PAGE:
Read The Florida activist is 78. The legal judgement against her is $4 million - “Maggy Hurchalla’s piece of Florida heaven is a patch of pristine Atlantic shore accessible only by boat in St. Lucie Inlet Preserve State Park. She and her husband nicknamed it the “End of the World” when they first came upon it half a century ago, after paddling south along the barrier island to the water’s end. She still likes to skinny-dip at the beach. Ms. Hurchalla, 78, could spend her remaining years kayaking here, readily outpacing paddlers less than half her age. Or traveling the country, giving speeches about the legacy of her sister, Janet Reno, the first female attorney general of the United States. But instead of reveling in her retirement, Ms. Hurchalla, who has devoted her life to protecting the untamed Florida wilderness that she loved, has been fighting a public battle with a rock-mining company — and losing. A jury decided last year that Ms. Hurchalla should pay $4.4 million in damages to Lake Point Restoration, a company that has a limestone mining operation in Martin County, along Florida’s Treasure Coast. Lake Point sued her for interfering with a contract after she emailed Martin County commissioners, urging them to back out of a water deal with the company that had initially been approved as a public-private partnership that could keep polluted water out of a nearby estuary. Ms. Hurchalla argued that she had merely exercised her First Amendment rights. The legal saga involved secret emails, the ownership of Florida’s fresh water, and the constitutional rights to free speech and to petition the government. Three months ago, a state appeals court upheld the verdict, alarming environmental and free speech organizations that had implored the three-judge panel to consider how profoundly such a precedent could chill citizens’ ability to question their leaders…” Patricia Mazzei reports for the New York Times.

Read Is Florida ready for 2030?  - “The year 2030 is just around the corner for Florida, so addressing challenges on a statewide level requires immediate action. That’s what the Florida Chamber Foundation has done with its report titled “Florida: 2030.” It’s clear that Florida will be a dramatically transformed state by 2030. Some examples: The population will continue to grow; Florida will have about 5 million new residents. About 1 in 4 Floridians will be 65 or older. Non-ethnic whites will become a minority by 2030, and nearly 1 in 5 Floridians will be foreign-born. People will pack the cities. Rural areas will account for 86 percent of Florida’s land area but just 10 percent of its population. Millennials will take over as the dominant age group, but they will be dealing with massive amounts of student loan debt...The Chamber report, as detailed as it is, must be paired with a report by a coalition of Florida environmental groups titled “Trouble in Paradise.” The report calls for acquiring and protecting land to protect drinking water, fisheries and recreation. The challenges posed by sea level rise and storm surge contain billion-dollar price tags;. The best way to deal with storm surge and sea level rise is by protecting our wetlands. Resilience is the key. Prevention is cheaper than repair damage. In addition the Floridan Aquifer, Florida’s precious underground water supply, is going to be stressed as millions of new residents pack into coastal communities — so the springs that need the Aquifer must be protected. So are we actually ready for 2030?” From the Florida Times-Union Editorial Board.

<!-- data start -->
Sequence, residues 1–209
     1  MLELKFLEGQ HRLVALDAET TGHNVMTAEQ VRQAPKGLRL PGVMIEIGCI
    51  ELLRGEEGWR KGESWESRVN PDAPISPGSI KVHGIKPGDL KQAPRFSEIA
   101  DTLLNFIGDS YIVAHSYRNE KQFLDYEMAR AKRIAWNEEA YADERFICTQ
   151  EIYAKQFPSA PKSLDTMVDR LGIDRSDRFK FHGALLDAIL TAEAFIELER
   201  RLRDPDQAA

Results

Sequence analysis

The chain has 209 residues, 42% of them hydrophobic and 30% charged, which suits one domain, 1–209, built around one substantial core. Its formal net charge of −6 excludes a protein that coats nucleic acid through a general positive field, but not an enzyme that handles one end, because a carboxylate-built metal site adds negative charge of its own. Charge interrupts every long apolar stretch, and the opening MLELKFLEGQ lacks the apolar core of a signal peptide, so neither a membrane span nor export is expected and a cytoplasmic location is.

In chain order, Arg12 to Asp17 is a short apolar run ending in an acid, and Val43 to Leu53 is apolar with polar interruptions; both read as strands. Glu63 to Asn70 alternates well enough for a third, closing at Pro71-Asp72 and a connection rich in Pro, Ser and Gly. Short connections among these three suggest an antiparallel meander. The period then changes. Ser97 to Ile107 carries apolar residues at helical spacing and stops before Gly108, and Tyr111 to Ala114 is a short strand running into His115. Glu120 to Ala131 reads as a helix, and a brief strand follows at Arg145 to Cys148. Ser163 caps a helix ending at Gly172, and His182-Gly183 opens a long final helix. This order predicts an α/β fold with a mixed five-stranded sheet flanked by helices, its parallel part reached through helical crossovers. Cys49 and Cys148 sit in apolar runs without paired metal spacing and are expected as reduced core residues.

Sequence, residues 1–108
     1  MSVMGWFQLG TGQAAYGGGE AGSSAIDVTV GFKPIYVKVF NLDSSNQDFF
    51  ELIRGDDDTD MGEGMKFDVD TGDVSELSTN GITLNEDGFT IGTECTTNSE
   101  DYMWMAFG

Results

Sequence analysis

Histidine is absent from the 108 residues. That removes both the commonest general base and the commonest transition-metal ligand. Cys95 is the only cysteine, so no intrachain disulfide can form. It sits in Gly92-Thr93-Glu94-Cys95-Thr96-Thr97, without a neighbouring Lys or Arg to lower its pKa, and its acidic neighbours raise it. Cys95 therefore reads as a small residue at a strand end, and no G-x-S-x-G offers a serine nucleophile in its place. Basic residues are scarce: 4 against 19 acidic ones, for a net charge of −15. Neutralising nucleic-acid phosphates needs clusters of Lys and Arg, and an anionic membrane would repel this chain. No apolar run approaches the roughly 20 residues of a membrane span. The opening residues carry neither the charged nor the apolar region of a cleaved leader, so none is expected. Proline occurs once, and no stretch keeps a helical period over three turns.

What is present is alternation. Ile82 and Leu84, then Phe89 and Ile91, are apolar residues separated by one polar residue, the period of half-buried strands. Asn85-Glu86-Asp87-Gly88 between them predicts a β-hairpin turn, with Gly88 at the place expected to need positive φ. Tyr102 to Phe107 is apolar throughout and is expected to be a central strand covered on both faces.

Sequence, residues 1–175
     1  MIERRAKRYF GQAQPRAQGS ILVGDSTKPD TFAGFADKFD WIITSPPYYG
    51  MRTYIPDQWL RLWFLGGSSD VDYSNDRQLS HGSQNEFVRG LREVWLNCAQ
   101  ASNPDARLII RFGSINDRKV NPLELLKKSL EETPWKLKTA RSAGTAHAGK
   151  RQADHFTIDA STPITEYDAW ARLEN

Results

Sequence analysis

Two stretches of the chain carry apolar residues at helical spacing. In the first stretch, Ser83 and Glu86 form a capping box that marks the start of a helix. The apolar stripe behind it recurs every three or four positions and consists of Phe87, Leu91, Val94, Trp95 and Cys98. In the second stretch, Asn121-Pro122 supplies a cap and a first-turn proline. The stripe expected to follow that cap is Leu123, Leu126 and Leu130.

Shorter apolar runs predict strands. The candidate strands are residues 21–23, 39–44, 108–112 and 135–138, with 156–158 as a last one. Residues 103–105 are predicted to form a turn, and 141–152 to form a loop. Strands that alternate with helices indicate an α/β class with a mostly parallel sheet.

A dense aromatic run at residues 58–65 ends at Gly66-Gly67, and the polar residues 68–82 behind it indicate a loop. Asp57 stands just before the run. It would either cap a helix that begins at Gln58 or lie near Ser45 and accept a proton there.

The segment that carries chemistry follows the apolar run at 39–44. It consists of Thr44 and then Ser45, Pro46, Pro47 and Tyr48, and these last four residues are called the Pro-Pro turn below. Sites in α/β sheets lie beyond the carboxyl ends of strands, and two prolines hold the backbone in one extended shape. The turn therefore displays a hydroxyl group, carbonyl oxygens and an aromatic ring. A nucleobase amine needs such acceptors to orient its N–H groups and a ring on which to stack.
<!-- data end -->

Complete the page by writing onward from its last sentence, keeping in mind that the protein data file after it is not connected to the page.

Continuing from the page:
Read Don’t stop with SAFEBOR to protect Santa Fe - “If corporations are now being treated like people under the law, why not rivers? Alachua County voters might be asking themselves that question when they head to the polls next fall. Environmental advocates are seeking to put an initiative called the Santa Fe River Bill of Rights, aka SAFEBOR, on the November 2020 ballot. The charter amendment would recognize the legal rights of the Santa Fe River, its springs and tributaries, and the Floridan Aquifer within the county. Supporters argue that a new approach is needed to prevent environmental damage rather than just react to it. Under the current system, “we have to wait until the river is polluted to do anything to defend it,” David Moritz, chairman of the SAFEBOR group, told a gathering of supporters last month at the Millhopper Branch Library in Gainesville. Clearly something needs to change to better protect the Santa Fe. Groundwater pollution from agriculture, septic tanks and other sources, along with the excessive pumping of the aquifer that feeds the springs and river, have fueled algae blooms and other environmental problems… But SAFEBOR supporters have several obstacles to overcome before any new protections become law. First, they will have to collect more than 18,000 signatures by February in order to qualify the initiative for the ballot. If approved, Alachua County commissioners would then be responsible for passing the ordinances that define violations and corresponding penalties… But if another effort to grant legal rights to a water body if any indication, that might not be the final word. In February, more than 60 percent of voters in a special election in Toledo, Ohio, passed an initiative to establish a bill of rights for Lake Erie. But the measure was subsequently challenged in a federal lawsuit, and an amendment was later passed in Ohio’s state budget that essentially invalidated the initiative. With efforts like SAFEBOR also happening with other Florida waterways, one can imagine a similar scenario happening during the state legislative session here…If voters want to reverse the damage being done to the Santa Fe and other parts of our environment, they shouldn’t stop with SAFEBOR. Voters must start treating every election like a referendum on the environment, choosing local, state and federal candidates accordingly.” From the Gainesville Sun Editorial Board.